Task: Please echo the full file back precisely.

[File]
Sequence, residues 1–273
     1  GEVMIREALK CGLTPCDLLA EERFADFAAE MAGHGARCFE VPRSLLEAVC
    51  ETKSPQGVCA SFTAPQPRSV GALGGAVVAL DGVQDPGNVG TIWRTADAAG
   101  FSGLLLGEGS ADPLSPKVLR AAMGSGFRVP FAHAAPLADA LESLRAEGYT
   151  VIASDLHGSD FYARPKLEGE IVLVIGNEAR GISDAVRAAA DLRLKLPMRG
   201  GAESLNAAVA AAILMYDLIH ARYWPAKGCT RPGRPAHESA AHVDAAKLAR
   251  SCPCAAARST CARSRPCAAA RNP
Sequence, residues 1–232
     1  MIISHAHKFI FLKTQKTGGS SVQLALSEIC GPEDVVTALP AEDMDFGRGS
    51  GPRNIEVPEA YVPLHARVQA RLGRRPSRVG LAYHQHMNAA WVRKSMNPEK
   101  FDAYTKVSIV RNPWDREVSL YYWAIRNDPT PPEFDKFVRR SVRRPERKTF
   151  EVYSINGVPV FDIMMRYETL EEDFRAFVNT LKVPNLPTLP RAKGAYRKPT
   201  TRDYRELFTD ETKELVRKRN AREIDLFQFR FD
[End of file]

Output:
Sequence, residues 1–273
     1  GEVMIREALK CGLTPCDLLA EERFADFAAE MAGHGARCFE VPRSLLEAVC
    51  ETKSPQGVCA SFTAPQPRSV GALGGAVVAL DGVQDPGNVG TIWRTADAAG
   101  FSGLLLGEGS ADPLSPKVLR AAMGSGFRVP FAHAAPLADA LESLRAEGYT
   151  VIASDLHGSD FYARPKLEGE IVLVIGNEAR GISDAVRAAA DLRLKLPMRG
   201  GAESLNAAVA AAILMYDLIH ARYWPAKGCT RPGRPAHESA AHVDAAKLAR
   251  SCPCAAARST CARSRPCAAA RNP
Sequence, residues 1–232
     1  MIISHAHKFI FLKTQKTGGS SVQLALSEIC GPEDVVTALP AEDMDFGRGS
    51  GPRNIEVPEA YVPLHARVQA RLGRRPSRVG LAYHQHMNAA WVRKSMNPEK
   101  FDAYTKVSIV RNPWDREVSL YYWAIRNDPT PPEFDKFVRR SVRRPERKTF
   151  EVYSINGVPV FDIMMRYETL EEDFRAFVNT LKVPNLPTLP RAKGAYRKPT
   201  TRDYRELFTD ETKELVRKRN AREIDLFQFR FD